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This is the note for the WHOLE course compiled into one study review. This was actually an exam reviewer.

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Maria Arts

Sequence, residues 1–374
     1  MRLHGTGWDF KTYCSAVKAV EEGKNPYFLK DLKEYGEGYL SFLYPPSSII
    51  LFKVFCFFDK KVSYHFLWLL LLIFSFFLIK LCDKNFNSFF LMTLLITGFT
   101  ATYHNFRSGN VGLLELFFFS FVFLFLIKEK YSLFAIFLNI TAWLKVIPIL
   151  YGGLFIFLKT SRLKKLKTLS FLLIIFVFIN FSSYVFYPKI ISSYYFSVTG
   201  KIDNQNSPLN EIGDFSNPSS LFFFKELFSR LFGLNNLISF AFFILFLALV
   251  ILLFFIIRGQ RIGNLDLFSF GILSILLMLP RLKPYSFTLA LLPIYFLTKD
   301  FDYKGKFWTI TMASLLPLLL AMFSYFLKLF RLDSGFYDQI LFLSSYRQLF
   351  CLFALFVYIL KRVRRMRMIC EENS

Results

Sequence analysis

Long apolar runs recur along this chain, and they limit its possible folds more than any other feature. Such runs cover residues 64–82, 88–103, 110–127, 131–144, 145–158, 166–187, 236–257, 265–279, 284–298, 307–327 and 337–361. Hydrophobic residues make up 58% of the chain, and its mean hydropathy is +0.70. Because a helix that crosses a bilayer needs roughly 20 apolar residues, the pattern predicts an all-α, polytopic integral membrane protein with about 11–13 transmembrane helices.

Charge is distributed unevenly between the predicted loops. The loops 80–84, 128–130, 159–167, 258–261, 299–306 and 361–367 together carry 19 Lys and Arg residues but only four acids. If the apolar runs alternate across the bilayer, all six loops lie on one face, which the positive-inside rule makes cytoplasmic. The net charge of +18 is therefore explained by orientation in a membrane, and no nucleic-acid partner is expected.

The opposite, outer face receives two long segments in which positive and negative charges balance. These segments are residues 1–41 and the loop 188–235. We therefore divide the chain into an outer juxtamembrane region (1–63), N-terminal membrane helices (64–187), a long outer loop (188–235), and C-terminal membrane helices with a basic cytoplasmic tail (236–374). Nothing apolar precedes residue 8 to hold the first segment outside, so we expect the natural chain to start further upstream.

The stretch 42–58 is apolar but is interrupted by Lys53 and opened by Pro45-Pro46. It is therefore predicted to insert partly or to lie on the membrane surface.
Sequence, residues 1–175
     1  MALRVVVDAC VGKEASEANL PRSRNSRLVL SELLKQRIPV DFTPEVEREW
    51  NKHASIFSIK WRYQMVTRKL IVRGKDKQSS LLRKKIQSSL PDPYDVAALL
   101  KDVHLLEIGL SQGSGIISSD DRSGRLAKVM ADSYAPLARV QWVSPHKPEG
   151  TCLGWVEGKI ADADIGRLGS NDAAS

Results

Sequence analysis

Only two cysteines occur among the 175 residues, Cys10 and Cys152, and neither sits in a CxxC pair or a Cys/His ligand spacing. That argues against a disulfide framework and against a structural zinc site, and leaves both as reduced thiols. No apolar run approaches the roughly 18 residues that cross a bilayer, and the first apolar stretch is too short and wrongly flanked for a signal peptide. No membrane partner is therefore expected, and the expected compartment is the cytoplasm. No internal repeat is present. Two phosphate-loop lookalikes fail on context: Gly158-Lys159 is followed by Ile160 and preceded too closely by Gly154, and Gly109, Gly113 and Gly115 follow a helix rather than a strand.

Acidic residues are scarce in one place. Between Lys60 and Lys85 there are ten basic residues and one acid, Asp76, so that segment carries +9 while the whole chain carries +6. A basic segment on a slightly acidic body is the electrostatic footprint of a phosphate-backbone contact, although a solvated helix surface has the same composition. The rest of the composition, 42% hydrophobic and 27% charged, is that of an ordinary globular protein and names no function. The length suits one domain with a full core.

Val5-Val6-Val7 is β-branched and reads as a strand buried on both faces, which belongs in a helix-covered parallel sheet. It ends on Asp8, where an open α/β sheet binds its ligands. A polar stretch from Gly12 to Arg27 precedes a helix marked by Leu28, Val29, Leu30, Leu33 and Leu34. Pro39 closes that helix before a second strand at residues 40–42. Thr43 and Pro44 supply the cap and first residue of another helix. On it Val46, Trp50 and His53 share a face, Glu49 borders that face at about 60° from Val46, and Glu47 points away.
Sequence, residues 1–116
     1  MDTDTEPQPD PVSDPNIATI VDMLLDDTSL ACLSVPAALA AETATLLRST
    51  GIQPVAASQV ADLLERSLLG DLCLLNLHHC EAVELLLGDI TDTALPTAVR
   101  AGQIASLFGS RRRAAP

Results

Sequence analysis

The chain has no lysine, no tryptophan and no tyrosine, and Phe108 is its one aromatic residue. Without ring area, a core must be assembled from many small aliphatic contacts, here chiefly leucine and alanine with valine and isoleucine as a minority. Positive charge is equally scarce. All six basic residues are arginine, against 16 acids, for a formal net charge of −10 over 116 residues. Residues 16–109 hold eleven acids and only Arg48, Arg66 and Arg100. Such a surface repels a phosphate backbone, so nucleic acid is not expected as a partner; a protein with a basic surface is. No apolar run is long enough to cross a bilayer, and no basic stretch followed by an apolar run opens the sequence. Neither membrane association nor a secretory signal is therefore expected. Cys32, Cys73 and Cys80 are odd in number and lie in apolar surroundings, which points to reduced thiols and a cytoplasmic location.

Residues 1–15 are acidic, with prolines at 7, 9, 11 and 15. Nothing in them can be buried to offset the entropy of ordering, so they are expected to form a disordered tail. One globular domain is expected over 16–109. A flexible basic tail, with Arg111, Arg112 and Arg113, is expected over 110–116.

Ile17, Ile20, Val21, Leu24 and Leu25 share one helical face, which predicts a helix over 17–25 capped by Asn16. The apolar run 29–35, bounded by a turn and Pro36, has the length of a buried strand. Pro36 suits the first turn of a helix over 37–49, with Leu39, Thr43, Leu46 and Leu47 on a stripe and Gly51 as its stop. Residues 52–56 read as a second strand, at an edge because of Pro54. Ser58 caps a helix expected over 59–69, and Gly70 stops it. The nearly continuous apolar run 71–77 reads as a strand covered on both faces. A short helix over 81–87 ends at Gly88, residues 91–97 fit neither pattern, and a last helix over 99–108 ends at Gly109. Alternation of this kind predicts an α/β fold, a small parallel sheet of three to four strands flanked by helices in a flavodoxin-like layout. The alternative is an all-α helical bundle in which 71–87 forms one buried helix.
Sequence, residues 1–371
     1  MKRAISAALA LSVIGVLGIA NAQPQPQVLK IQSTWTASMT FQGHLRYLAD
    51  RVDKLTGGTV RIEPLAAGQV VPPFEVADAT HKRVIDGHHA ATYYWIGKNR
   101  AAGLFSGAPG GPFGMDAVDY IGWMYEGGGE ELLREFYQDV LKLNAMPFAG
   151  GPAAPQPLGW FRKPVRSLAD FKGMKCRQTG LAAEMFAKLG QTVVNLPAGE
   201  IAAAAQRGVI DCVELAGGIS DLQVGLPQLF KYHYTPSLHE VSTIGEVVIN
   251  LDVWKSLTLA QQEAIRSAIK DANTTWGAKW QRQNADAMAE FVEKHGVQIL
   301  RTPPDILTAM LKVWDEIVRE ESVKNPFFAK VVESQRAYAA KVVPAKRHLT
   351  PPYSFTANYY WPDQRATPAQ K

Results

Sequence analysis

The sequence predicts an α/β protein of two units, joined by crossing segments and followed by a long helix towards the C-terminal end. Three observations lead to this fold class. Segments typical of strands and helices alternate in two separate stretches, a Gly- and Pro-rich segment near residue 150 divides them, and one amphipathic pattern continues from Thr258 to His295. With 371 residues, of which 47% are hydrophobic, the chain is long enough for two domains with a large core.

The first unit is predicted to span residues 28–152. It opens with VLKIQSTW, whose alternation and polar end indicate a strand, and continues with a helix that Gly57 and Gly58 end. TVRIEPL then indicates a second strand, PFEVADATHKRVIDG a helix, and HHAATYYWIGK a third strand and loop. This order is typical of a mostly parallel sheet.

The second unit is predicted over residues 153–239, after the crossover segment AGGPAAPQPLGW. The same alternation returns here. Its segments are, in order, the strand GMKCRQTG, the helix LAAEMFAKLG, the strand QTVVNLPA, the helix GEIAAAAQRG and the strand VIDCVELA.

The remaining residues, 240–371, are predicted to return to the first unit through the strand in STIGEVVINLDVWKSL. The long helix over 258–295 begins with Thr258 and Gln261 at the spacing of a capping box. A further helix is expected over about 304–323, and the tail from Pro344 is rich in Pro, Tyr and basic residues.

Properties of Population Population group of organisms of the same species occupying a particular space at a certain time - same species: suggests potential for interbreeding - is a spatial concept which talks about boundaries in space - has structure (density, spacing, various ages), exhibits dynamics (birth, death, immigration, emigration) which make it difficult to study Organisms may be Unitary or Modular Unitary: organism that are an individual unit such as a zygote that grows into a genetically unique organism Modular: organisms that have indefinite growth form such as plants and corals; a genetically unique organism such as a zygote develops into a module and makes similar modules (ex. Root extensions in plants) 9.1 Modular: 2 levels of population structure Genet: genetic individual, an organism that has arisen from a zygote (sexual reproduction) like a flower Ramet: an individual produced asexually, remain attached or grow independently of parents, is a clone of the parents like grass 9.2 Distribution: describes spatial location of population and is based on the presence and absence of individuals Geographic range: area that encompasses ALL individuals of a species Geographic barriers limit the distribution of a population and restrict its ability to colonize areas that are otherwise suitable (ex. mountains, oceans, lakes) The red maple is a wide spread deciduous trees in North America which has a Northern limit: -40deg C Southern limit: gulf coast Western limit: dry conditions Individuals are not distributed evenly throughout the geographic range of a population; some individuals can occupy areas that can meet their requirements like for moss (Tetraphis) moisture is important in areas where moisture is lacking moss cannot grow. Due to local heterogeneity, populations are divided into local (main population) or sub population (dispersed population). 9.3 Abundance: number of individuals in the population -defines its size Abundance is a function of population density (number of individuals per unit area per unit volume) An individuals spatial position relative to another influences population density Three population distribution patterns (pictures in lec are useful in understanding) Random: individuals position is independent of one another usually when there is no limit or competition for resources Uniform: negative interaction among individuals usually they are trying to repel each other Clumped: due to patchy resources or social behaviours when organisms gather due to a water hole or wolves traveling in a pack The spatial distribution of individuals within the population can be described at multiple spatial scales. For example the shrub Euclea in the savannah ecosystems of South Africa are clumped under Acacia trees for canopy cover, but clumps are uniformly spaced 2 approaches on estimating population density 1) Absolute density: number of individuals/area 2) Indices of relative density: area 1 has more organisms than area 2 Measurement of Absolute Density 1) Total counts: counting all organisms in a particular area 2) Sampling Methods: count a small portion of the population and use the sample to estimate the total a) quadrats (subsample) b) capture-recapture 9.4 Population size = density x area In most cases, population density must be estimated by sampling a portion of the population Sampling methods for plants and sessile animals Counting the organisms in a subsample (quadrats) Abundance estimates may be skewed by a clumped spatial distribution Quadrats - Choose quadrats of known size - Count all individuals on these quadrats - extrapolate the average count to the whole area - used a lot in plant ecology Obtaining reliable estimates: 1) the population of each quadrat must be determined accurately and must be able to identify the species by definition 2) The area of each quadrat must be known 3) The quadrats must be representative of the whole area a. you must pick one that has similar distribution with the rest of the area Sampling methods for mobile animals - capture-recapture or mark-recapture methods are used based on trapping, marking, and releasing a known number of marked animals(M) into the population (N) - Some time later, the same population is sampled and the ratio of recaptured (R) to sample (n) individuals in the second sample represents the ratio for the entire population - N/M = n/R N=nM/R - Lincon index or Petersen index of relative population size Capture-Recapture - allows for estimate of density and estimate of birth rate and death rate - technique: capture, mark, release, recapture Assumptions: Closed population No loss of marked individuals Marked and unmarked individuals are captured randomly Marked animals are not overlooked (making sure that marked individuals are not in favour of being captured) N: total population n: second sample size M: marked animals R: marked recaptured animals N/M=n/R N=nM/R So there are 109 trout caught marked and released On the second capture 177 were caught and 57 were marked N/109 = 177/57 N= 109 (177/57) = 338 There were 338 trouts :D Indices of Abundance: The factors you can use to determine the abundance of a population 1) Traps: individuals caught/day/trap 2) Number of fecal pellets 3) Vocalization frequency 4) Pelt records (like bear fur) 5) Catch per unit fishing record 6) Number of: tree nests, pupal cases, snake sheds 7) Number of tracks 8) Roadside counts 9.5 A population usually has an age structure (individuals in different age classes) The proportion of individuals of each group is influenced by reproduction and mortality: affects the rate of population growth - Pre reproductive (infant) - Reproductive (adult) - post reproductive (ancient) The length of time that an individual remains in each stage depends on its life history - short-lived versus long-lived organisms